Posts Tagged ‘Moonstruck’

Metro In Focus: The Accountant & Crooks with pocket protectors!

screen-shot-2016-10-11-at-10-04-39-amBy Richard Crouse – In Focus

Ben Affleck plays the title role in the thriller The Accountant. “Like, a CPA accountant?” asks a Treasury Department worker. “Not quite,” replies agent Ray King (J. K. Simmons) in what might be the understatement of the year.

Affleck is a pocket-protector-wearing forensic accountant who “risks his life cooking the books for some of the scariest people on the planet; drug cartels, arms brokers, money launderers, assassins.” An autistic math genius with a violent side, he survives his dangerous world through dual facilities for math and mayhem.

“He’s a very distinct and unusual character,” Affleck told Entertainment Weekly. “A little bit different than your average, everyday person in the way he processes information and social thinking, and the way he sees numbers and logic, and that he’s trapped a little bit in his own mind.”

Affleck joins a long list of actors who have looked for loopholes, legal, financial and otherwise, on the big screen.

The late, great Gene Wilder became a star playing bookkeeper Leo Bloom in The Producers. “I spend my life counting other people’s money. People I’m smarter than.” It’s Bloom who comes up with the get rich quick scheme to mount a terrible Broadway musical and make off with the investor’s cash when the show flops. His plan falls apart when Springtime for Hitler becomes a hit but his business partner still has good things to say. “You’re an accountant,” raves Max Bialystock. “You’re in a noble profession! The word ‘count’ is part of your title!”

Rick Moranis played Louis Tully, an accountant possessed by an ancient spirit in Ghostbusters. Before he goes all supernatural Louis throws a bash to celebrate his fourth anniversary as an auditor at his swanky Central Park West apartment. “I’m givin’ this whole thing as a promotional expense,” he says, “that’s why I invited clients instead of friends.” The scene was shot in one continuous take with Moranis making his way through the party, improvising perfectly nerdy CPA dialogue—“This is real smoked salmon from Nova Scotia, Canada, $24.95 a pound! It only cost me $14.12 after tax, though.”—throughout.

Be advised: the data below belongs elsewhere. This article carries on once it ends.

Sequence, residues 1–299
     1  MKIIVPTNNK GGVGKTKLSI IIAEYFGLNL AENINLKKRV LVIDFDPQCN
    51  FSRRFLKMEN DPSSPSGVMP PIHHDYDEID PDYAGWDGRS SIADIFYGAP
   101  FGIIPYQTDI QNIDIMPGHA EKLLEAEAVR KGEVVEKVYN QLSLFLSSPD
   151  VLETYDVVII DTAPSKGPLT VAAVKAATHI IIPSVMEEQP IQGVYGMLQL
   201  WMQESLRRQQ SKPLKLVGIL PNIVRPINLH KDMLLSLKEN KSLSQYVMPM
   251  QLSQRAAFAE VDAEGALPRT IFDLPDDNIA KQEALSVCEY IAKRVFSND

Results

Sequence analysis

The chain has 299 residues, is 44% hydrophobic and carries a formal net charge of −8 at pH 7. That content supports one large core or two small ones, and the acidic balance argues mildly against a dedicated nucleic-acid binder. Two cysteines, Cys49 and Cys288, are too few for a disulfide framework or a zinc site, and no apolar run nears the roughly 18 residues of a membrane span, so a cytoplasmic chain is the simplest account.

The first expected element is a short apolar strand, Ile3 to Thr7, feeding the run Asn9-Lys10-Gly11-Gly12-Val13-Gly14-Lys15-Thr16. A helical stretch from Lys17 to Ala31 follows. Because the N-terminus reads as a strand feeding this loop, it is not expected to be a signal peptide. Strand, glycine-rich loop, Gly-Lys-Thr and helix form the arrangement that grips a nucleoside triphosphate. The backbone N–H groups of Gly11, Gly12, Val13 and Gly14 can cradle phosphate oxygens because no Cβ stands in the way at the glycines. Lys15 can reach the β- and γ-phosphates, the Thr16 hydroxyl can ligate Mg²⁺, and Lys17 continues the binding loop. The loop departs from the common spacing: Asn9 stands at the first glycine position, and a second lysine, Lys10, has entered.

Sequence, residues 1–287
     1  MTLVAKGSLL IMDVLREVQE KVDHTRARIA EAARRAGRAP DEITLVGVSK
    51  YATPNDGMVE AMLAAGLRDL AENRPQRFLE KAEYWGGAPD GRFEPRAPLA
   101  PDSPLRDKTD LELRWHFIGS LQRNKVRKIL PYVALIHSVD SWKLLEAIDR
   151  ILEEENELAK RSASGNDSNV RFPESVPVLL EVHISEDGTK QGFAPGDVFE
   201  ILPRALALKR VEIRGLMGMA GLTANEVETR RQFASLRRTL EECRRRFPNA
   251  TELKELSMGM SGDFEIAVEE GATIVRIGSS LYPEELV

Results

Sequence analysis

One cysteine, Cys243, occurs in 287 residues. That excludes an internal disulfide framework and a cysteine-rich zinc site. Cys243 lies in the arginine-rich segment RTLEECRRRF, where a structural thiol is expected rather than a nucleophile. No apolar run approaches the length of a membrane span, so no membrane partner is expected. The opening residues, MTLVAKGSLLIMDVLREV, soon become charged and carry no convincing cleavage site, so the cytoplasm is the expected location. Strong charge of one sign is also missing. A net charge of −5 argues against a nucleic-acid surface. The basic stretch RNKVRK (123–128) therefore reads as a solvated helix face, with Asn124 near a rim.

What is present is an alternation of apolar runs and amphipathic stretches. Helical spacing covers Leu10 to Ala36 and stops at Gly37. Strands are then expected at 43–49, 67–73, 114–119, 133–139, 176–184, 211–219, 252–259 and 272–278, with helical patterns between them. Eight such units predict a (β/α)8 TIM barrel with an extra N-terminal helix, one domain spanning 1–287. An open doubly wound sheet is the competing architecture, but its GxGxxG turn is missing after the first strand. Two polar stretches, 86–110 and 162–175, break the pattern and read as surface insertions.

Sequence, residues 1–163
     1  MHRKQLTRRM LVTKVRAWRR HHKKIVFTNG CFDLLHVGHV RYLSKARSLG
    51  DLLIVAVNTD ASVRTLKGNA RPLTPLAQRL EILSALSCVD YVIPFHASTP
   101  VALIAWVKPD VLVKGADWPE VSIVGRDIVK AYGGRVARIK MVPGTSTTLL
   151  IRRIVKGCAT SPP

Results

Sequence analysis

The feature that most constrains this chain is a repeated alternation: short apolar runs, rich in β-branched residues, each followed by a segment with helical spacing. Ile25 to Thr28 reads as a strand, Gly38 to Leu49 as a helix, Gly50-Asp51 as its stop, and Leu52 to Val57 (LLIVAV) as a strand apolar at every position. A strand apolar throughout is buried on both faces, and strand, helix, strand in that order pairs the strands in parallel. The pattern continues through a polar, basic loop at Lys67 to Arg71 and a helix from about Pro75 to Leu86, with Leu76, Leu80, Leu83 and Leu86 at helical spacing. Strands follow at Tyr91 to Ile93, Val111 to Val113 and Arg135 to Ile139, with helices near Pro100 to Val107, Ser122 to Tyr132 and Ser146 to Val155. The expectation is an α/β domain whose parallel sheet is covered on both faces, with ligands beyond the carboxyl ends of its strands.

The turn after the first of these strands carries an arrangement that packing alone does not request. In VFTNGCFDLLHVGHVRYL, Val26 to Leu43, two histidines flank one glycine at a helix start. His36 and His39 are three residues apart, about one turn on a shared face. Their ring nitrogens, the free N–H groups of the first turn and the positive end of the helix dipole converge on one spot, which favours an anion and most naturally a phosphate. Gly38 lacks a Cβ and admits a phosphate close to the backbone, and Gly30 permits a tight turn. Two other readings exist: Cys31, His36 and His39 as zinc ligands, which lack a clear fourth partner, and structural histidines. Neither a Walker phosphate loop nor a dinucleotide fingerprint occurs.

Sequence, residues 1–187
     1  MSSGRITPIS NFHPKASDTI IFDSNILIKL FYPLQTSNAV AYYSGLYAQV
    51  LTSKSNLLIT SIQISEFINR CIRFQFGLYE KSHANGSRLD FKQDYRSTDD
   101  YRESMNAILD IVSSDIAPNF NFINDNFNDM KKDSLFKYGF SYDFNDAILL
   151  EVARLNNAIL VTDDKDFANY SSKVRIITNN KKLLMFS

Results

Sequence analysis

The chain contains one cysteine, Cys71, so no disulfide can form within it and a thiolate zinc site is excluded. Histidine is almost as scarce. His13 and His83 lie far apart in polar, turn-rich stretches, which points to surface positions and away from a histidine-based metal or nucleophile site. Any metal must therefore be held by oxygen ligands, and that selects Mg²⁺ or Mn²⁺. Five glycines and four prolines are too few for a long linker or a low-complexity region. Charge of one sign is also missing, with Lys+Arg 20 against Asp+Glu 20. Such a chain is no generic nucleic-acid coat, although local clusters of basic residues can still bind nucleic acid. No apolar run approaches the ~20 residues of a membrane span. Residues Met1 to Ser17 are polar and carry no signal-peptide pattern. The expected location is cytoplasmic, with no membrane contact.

In The Untouchables Charles Martin Smith plays Oscar Wallace, the bespectacled book balancer who puts together the tax evasion case against notorious mobster Al Capone. The character was largely based on Frank Wilson, the IRS Criminal Investigator who spent years keeping tabs on Capone’s financial dealings before laying charges. A self-penned article on his exploits, He Trapped Capone, inspired the 1949 Glenn Ford film The Undercover Man.

Cher initially turned down the Oscar winning role of Loretta Castorini, the widowed accountant in Moonstruck who falls for a one-handed baker. Though exhausted from one of the busiest years of her career, she ultimately took the part, showing up on set just one day after wrapping The Witches of Eastwick. When Moonstruck was done she took a week off before shooting the courtroom drama Suspect. The singer-turned-actress later called making the film, “too silly, too much fun to be work,” and became only the second female performer, alongside Barbra Streisand, to have a #1 hit and an Oscar.

Bloom, Tully, Wallace and Castorini are reel life bookkeepers, but in real life several actors almost chose figures over fame. Bob Newhart worked the ledger books for United States Gypsum and Eddie Izzard studied accountancy at the University of Sheffield.


Screen Shot 2015-02-09 at 11.05.58 PMRichard reviews “SpongeBob Squarepants: Sponge Out of Water,” Seventh Son,” and “Outcast” with “Canada AM” guest host Marcia MacMillan.

Watch the whole thing HERE!



Screen Shot 2015-02-09 at 11.05.30 PM

OUTCAST: 1 STAR. “Outcast isn’t toast worthy, it’s embarrassing.”

outcast6It’s no secret that Nicolas Cage’s taste in movie roles has changed somewhat from the days when he starred in a-list movies like “Raising Arizona,” “Moonstruck” or “Leaving Lost Vegas.” The fifty-year-old actor appears to flip a coin when he decides what to make these days and sometimes he gets lucky—recently “The Croods” and “Joe” haven’t been embarrassing—and other times he ends up starring in films like “Outcast,” a period piece that careens through Europe and Asia like a drunken soldier on shore leave.

East meets west as the fourteen-year-old heir to the imperial throne Zhao (Bill Su Jiahang) is on the run from his from his bloodthirsty, power-mad brother Shing (Andy On). “I will have what is mine,” says Shing through clenched teeth. With his sister Princess Lian (Crystal Liu Yifei) in tow young the prince turns to holy warrior Jacob (Hayden Christensen), a Crusader tormented by his actions in the war, and his former partner, the Templar Knight-turned-outlaw Gallain (Nicholas Cage), for protection. “If you save this boy,” Gallain tells Jacob, “god will forgive you.”

Cage is in rare form here, theatrically dropping lines like “I am the White Ghost,” and laughing maniacally when he isn’t slashing and stabbing his way through Shing’s army. He isn’t in the disinterested reach-for-the-paycheque mode of “Left Behind” here, instead he’s in full-blown peacock mode, grimacing and growling his way through fight scenes so shaky it’s as if the camera was attached to a YoYo.

Christensen doesn’t fare much better but we don’t expect much from him. Cage disappoints because when he’s good, he’s brilliant but when he’s bad he’s catastrophic. His bad performances can make for some fun viewing—there’s a Nic Cage drinking game that will leave you hammered by the second acts starts—but his increasingly lazy work in movies like “Outcast” isn’t toast worthy, it’s embarrassing.